For over six decades, engineers have studied the collapse of the 1940 Tacoma Narrows Bridge. The experts disagree, at least on some aspects of the explanation. A definitive description that meets unanimous agreement has not been reached. The exact cause of the bridge’s failure remains a mystery.
Why is it important to know the exact cause of the 1940 bridge’s collapse? Engineers need to know how a new suspension bridge design will react to natural forces. The more complete their understanding, the better their problem solving, and thus, the stronger and safer their bridge. The fact that engineers still argue about the precise cause of the Galloping Gertie’s collapse is testimony to the extraordinary complexity of natural phenomena. Today, the 1940 Tacoma Narrows Bridge’s failure continues to advance the “scientific method.”
The primary explanation of Galloping Gertie’s failure is described as “torsional flutter.” It will help to break this complicated series of events into several stages.
Here is a summary of the key points in the explanation.
1. In general, the 1940 Narrows Bridge had relatively little resistance to torsional (twisting) forces. That was because it had such a large depth-to-width ratio, 1 to 72. Gertie’s long, narrow, and shallow stiffening girder made the structure extremely flexible.
2. On the morning of November 7, 1940 shortly after 10 a.m., a critical event occurred. The cable band at mid-span on the north cable slipped. This allowed the cable to separate into two unequal segments. That contributed to the change from vertical (up-and-down) to torsional (twisting) movement of the bridge deck.
3. Also contributing to the torsional motion of the bridge deck was “vortex shedding.” In brief, vortex shedding occurred in the Narrows Bridge as follows:
(1) Wind separated as it struck the side of Galloping Gertie’s deck, the 8-foot solid plate girder. A small amount twisting occurred in the bridge deck, because even steel is elastic and changes form under high stress. (2) The twisting bridge deck caused the wind flow separation to increase. This formed a vortex, or swirling wind force, which further lifted and twisted the deck. (3) The deck structure resisted this lifting and twisting. It had a natural tendency to return to its previous position. As it returned, its speed and direction matched the lifting force. In other words, it moved ” in phase” with the vortex. Then, the wind reinforced that motion. This produced a “lock-on” event.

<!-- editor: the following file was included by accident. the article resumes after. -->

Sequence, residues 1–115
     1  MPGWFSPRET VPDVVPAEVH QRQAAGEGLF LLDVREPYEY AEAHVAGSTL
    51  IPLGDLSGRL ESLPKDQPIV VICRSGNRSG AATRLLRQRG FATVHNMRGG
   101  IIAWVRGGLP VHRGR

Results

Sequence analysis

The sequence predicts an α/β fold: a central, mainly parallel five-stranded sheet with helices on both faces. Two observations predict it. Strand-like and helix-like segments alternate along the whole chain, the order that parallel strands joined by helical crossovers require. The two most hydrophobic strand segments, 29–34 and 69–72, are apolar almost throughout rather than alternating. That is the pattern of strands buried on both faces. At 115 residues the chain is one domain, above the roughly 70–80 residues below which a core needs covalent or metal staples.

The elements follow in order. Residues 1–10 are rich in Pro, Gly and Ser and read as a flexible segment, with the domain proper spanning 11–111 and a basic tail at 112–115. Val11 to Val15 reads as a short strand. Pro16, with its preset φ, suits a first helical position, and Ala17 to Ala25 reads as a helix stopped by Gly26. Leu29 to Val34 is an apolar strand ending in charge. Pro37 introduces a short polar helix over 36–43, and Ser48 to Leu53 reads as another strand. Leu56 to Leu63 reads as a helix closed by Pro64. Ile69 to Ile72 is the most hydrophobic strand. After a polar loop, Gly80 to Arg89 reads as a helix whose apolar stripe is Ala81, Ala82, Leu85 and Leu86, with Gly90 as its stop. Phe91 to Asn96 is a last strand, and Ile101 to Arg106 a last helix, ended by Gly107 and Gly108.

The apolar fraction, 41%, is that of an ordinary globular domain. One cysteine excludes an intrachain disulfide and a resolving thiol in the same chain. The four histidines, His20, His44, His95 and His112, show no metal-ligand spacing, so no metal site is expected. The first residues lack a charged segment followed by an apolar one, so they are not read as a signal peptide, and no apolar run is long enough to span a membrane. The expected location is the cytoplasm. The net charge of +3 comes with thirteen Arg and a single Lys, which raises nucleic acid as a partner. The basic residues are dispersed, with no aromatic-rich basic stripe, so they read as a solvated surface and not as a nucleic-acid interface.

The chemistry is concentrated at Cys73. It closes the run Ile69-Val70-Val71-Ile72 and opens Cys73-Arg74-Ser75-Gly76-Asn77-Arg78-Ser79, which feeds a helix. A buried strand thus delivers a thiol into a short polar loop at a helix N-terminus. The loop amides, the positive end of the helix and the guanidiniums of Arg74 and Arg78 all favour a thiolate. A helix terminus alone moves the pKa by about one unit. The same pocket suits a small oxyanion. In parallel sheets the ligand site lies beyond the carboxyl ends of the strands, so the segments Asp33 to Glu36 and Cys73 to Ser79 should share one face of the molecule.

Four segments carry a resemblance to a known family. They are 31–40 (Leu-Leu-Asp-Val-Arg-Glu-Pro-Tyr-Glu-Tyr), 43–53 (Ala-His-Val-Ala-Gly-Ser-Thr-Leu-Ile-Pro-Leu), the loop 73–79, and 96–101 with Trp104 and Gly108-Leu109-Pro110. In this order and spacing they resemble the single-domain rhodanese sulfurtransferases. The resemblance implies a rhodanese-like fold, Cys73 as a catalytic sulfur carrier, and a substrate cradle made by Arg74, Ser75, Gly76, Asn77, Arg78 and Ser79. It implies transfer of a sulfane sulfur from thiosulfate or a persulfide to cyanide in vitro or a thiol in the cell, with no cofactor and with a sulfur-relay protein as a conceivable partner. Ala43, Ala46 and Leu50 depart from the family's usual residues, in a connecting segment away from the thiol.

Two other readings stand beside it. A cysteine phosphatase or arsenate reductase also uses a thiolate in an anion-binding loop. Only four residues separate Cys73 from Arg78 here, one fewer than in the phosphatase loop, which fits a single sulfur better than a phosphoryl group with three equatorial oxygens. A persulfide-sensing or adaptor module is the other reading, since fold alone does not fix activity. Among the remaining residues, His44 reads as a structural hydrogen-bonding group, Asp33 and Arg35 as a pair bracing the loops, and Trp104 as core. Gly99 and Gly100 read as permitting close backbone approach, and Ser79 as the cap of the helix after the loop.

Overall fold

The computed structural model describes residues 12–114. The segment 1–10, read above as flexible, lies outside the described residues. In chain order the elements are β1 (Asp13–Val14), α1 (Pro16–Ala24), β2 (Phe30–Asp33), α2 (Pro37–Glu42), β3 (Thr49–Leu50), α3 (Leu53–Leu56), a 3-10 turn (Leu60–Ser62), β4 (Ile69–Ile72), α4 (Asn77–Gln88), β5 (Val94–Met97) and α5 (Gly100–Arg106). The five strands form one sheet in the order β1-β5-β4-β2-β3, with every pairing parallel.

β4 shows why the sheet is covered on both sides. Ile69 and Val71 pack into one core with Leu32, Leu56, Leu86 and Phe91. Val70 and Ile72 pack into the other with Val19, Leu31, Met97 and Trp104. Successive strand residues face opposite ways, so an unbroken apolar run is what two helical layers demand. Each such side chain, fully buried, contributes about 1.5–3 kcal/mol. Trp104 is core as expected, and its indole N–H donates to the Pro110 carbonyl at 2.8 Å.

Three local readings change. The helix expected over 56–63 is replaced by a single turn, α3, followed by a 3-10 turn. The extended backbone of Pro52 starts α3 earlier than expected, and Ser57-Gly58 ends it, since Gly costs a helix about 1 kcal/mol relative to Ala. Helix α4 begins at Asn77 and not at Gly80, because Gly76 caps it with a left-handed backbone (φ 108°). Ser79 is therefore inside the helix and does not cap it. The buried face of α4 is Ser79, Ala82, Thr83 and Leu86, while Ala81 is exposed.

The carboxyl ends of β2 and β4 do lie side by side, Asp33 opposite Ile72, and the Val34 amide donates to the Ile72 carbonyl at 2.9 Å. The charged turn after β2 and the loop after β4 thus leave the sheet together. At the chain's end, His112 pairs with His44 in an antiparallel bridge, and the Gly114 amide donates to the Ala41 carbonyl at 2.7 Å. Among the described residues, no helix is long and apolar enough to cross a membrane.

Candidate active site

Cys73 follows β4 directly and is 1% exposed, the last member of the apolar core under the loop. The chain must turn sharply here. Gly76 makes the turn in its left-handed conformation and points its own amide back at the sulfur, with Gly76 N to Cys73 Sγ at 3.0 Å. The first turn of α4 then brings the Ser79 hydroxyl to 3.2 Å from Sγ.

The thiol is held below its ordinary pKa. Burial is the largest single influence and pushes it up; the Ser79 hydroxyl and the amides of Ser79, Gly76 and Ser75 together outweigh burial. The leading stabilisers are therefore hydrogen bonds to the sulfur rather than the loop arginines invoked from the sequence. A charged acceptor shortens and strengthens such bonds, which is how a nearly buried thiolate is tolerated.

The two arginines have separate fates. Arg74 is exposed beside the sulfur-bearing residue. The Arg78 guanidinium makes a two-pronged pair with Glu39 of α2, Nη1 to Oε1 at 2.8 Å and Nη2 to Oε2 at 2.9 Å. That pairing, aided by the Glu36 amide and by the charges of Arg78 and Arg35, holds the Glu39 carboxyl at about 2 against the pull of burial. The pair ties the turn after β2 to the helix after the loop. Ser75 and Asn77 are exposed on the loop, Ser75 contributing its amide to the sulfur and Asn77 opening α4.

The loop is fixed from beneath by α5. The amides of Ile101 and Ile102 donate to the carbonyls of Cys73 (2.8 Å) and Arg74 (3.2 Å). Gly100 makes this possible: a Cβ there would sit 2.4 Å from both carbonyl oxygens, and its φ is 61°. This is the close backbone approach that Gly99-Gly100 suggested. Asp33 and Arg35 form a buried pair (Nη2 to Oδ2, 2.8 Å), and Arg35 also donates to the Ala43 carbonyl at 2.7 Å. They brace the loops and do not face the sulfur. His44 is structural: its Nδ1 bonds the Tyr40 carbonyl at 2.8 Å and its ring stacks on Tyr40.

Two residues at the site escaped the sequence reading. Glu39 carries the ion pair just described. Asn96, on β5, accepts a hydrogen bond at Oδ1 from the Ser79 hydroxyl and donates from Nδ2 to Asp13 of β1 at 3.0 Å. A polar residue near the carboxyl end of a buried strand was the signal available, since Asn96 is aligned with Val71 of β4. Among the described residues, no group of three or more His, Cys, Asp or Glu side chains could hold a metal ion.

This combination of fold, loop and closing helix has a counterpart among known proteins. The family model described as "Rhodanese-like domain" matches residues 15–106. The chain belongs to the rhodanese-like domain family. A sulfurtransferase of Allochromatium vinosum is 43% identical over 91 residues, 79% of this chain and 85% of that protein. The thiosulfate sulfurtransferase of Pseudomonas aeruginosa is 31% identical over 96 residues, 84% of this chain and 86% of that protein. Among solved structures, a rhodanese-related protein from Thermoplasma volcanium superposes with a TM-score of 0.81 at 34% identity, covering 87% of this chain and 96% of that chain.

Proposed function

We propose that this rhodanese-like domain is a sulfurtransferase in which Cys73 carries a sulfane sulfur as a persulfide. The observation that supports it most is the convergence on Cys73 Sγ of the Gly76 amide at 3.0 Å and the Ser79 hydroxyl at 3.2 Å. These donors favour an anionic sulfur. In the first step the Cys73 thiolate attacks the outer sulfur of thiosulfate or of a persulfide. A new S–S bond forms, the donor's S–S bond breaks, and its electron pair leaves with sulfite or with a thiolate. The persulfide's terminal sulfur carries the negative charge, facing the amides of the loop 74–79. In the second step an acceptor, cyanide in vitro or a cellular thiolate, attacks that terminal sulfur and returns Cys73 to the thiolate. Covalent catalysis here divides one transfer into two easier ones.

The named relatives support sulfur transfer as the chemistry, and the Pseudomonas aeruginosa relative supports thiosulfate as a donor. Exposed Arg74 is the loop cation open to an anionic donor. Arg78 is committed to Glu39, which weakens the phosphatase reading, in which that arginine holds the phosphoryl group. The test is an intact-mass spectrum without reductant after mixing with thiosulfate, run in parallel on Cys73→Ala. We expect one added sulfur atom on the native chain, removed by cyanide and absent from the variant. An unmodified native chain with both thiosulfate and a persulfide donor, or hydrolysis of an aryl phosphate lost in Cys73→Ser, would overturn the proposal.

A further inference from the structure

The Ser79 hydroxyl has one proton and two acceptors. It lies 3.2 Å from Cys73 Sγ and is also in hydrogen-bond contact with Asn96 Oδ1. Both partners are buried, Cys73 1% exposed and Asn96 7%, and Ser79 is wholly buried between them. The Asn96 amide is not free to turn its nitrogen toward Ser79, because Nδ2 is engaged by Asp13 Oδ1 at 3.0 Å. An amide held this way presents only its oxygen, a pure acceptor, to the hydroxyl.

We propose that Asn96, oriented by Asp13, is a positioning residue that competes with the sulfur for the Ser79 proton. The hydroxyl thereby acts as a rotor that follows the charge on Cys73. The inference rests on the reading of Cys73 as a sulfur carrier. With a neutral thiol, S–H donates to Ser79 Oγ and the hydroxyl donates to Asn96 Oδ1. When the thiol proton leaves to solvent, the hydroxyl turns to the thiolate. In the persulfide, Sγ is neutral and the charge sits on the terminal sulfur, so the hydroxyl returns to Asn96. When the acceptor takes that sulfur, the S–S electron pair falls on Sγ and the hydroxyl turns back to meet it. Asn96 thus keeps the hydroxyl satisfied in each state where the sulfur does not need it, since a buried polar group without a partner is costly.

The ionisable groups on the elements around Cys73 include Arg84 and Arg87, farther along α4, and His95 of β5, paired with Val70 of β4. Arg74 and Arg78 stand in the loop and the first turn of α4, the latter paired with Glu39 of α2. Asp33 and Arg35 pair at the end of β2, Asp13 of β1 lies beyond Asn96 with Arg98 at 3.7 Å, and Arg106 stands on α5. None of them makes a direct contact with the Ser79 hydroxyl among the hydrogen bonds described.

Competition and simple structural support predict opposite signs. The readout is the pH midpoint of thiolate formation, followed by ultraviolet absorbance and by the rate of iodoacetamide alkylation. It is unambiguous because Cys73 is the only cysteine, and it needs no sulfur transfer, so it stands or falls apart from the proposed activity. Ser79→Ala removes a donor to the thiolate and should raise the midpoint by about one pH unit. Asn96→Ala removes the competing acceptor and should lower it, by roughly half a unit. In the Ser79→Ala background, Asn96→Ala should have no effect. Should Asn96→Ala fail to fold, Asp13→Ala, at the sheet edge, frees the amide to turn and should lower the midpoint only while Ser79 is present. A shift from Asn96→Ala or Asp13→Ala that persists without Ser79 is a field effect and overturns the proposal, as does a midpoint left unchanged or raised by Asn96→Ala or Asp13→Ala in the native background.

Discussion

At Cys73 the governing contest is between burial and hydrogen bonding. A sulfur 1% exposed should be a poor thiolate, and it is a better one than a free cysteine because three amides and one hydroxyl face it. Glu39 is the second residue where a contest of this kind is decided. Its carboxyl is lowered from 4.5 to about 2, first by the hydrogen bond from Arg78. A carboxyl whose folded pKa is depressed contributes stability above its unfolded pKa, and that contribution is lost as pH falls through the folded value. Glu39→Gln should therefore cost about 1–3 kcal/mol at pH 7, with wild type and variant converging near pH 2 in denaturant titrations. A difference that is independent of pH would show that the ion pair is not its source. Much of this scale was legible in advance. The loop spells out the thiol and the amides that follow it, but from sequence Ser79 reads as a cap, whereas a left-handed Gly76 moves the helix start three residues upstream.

4. But, the external force of the wind alone was not sufficient to cause the severe twisting that led the Narrows Bridge to fail.
5. Now the deck movement went into “torsional flutter.”
“Torsional flutter” is a complex mechanism. “Flutter” is a self-induced harmonic vibration pattern. This instability can grow to very large vibrations.
Tacoma Narrows Failure Mechanism – original sketch contributed by Allan Larsen
When the bridge movement changed from vertical to torsional oscillation, the structure absorbed more wind energy. The bridge deck’s twisting motion began to control the wind vortex so the two were synchronized. The structure’s twisting movements became self-generating. In other words, the forces acting on the bridge were no longer caused by wind. The bridge deck’s own motion produced the forces. Engineers call this “self-excited” motion. It was critical that the two types of instability, vortex shedding and torsional flutter, both occurred at relatively low wind speeds. Usually, vortex shedding occurs at relatively low wind speeds, like 25 to 35 mph, and torsional flutter at high wind speeds, like 100 mph. Because of Gertie’s design, and relatively weak resistance to torsional forces, from the vortex shedding instability the bridge went right into “torsional flutter.”
Now the bridge was beyond its natural ability to “damp out” the motion. Once the twisting movements began, they controlled the vortex forces. The torsional motion began small and built upon its own self-induced energy.
In other words, Galloping Gertie’s twisting induced more twisting, then greater and greater twisting.
This increased beyond the bridge structure’s strength to resist. Failure resulted.
1. What were the constraints on this project? In what ways was the project’s planning and scope management appropriate and when did they begin taking unknowing or unnecessary risks?
2. Identify the risk factors that you consider most important for the suspension bridge construction. How would you assess the riskiness of this project? Why?
3. What forms of risk mitigation would you consider appropriate for this project?
4. What if Clark Eldridge’s original design for the 1940 Tacoma Narrows Bridge had been built, instead of Leon Moisseiff’s? Would it have blown down on November 7, 1940 like Galloping Gertie?
5. What recommendations would you make to keep the current (replacement) bridge from suffering the same fate?